Not too long from now, it will be a half century since a small band of Black September terrorists committed the Munich Massacre during the 1972 Olympic Games.
As time passes, to what extent does what happened in Munich still matter?
More than 7,000 athletes from 121 nations competed in 195 events during the two weeks of festival that were the 1972 Olympic Games in Munich. The Games were the first hosted on German soil since Berlin in 1936, when flags bearing the Nazi swastika were raised alongside those emblazoned with the Olympic rings. Wanting to show the world a new and different Germany, organizers in Munich conceived that their Games would look to the future. Where, for example, the venues for the 1936 Games recalled the ancient Greek style, the venues for the 1972 Games made for more of a “Tomorrowland” than Disney ever conjured.
Among the features aimed at moving past reminders of Nazi storm troopers with guns, organizers in Munich dressed security guards in blue jumpsuits and gave them only walkie-talkies. The decision, along with rather loose training and planning for the security forces, was perceived as a reasonable tradeoff.
Anyway, after all, who would attack the Olympic Games?
Early on the morning in the middle of the Games, the Black September terrorists answered that question. The terrorists slipped their way into the Olympic Village and laid siege on apartments in 31 Connollystrasse. There, they killed two members of the Israeli delegation and took nine others hostage. The terrorists demanded the release of 230 sympathizers who were being held in Israeli and German jails. Israeli officials refused to negotiate with the terrorists; German officials attempted a rescue mission.
Hours later, ABC Sports broadcaster Jim McKay, who had anchored live coverage of the events, informed the hostages’ families and the world that “Our worst fears have been realized tonight.… They’re all gone.”
Far from being a matter of history, the “Munich Massacre” is an extraordinary case of interrelated elements that have meaning for the present and future. The 1972 Games refract economic, political, and social events that have a great deal to say about the status and function of the Olympic movement, about global terrorism, and about mass media in today’s world. They also have something important to suggest about our education system.
What happened in Munich and how it happened still is worth our time and attention today. But do enough people really know about what happened at the 1972 Olympic Games in Munich? Do they know how it happened? Do they know why it happened?
In today’s world, where algorithms increasingly drive each of us into silos of information, there is more of a need for learning that shows the way to connections between the people, ideas, and decisions.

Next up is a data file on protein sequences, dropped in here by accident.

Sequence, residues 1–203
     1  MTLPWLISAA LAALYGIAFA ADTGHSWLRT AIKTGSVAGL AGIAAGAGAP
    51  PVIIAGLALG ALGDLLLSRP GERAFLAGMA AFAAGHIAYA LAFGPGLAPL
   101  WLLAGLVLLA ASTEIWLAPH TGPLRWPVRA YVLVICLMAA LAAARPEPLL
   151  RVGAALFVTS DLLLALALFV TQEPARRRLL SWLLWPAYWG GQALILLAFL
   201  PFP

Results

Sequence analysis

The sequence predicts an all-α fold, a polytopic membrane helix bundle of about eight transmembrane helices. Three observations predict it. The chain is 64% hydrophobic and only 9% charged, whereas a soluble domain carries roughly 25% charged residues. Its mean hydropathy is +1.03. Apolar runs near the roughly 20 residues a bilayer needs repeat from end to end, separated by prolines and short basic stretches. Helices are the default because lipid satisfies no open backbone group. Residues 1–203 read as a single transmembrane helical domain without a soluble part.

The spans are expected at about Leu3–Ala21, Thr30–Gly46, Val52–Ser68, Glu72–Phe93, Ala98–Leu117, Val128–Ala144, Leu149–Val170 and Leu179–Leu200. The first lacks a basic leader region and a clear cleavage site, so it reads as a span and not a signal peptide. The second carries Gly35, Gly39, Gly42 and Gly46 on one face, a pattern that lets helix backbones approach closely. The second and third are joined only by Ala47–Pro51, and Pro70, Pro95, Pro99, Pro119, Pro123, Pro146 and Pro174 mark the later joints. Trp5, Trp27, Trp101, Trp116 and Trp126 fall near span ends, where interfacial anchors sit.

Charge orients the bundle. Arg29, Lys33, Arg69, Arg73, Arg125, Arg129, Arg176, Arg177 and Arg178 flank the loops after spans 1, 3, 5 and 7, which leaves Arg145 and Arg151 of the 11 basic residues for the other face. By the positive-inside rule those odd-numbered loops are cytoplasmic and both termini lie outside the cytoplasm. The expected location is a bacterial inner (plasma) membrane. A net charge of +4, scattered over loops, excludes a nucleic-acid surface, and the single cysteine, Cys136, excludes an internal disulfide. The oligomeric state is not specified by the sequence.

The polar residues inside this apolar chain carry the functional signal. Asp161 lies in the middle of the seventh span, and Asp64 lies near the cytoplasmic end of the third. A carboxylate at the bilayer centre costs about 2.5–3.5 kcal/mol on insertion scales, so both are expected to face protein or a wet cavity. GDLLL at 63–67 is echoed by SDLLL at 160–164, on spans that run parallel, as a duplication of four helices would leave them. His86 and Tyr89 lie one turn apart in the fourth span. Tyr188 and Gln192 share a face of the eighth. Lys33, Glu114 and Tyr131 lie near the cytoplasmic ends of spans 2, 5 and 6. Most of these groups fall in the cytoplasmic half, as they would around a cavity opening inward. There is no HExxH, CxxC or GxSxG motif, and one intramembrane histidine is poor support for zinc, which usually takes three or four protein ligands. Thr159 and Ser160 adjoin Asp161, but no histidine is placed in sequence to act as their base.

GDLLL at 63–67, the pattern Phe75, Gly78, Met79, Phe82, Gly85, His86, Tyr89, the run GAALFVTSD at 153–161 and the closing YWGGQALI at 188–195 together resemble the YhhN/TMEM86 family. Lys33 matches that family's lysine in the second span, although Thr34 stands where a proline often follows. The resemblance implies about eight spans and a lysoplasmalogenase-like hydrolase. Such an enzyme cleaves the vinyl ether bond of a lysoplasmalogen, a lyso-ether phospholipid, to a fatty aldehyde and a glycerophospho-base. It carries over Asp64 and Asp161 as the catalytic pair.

Those questions formed the basis of a recent discussion between eight panelists that was moderated by Bob Costas, the United States’ pre-eminent sportscaster. The discussion, hosted at Columbia University’s law school, was organized to generate support for the Academies at Gerrard Berman. It was a world-renowned venue hosting the work and performance of a small but committed team. After the discussion, Costas, who has memorialized the Munich 11 at every Olympics he has covered for NBC Sports, and the panelists fielded questions and commentary from audience members.
The last of them was a suggestion that everyone in the room stand for one minute of silence.
Thinking through and discussing a challenge, and following it up with right action, is always the responsible thing to do. And it goes to show that what happened in Munich matters today — and going forward — because it is a reminder of that call to action to “never forget.”
To this day, the International Olympic Committee has rejected requests that a minute of silence for the “Munich 11” be held during the opening ceremony at the Games. The refrain from IOC officials is that doing so would make the Games into a political tool, which would chip away at the purpose of acting “as a catalyst for collaboration between all parties of the Olympic family.”
While that tack is understandable, it falls flat.
First, the modern Games were founded by Baron Pierre de Coubertin in 1896 as a response to war after war in Europe. His inspiration was a throwback to the Games in ancient Greece, when warring nations would pause to compete against each other in athletic events. Second, what happened in Munich was the murder of Olympic athletes at an Olympic Games, done by outside actors. So not to grant a minute of silence at an upcoming Games is to take a direct shot at the spirit and values of Olympism.
Remembrance is warranted. So, too, is vigilance. In fact, they are necessary. To get that done the right way, including to guard against misdirection, there must be an underpinning of consistent effort and continuous education. Otherwise, like the IOC officials who have yet to grant the minute of silence, people will not know and understand what is expected of them.
Dr. Lee Igel of Haworth is a clinical associate professor at NYU’s Tisch Institute and the co-director of NYU’s sports and society program.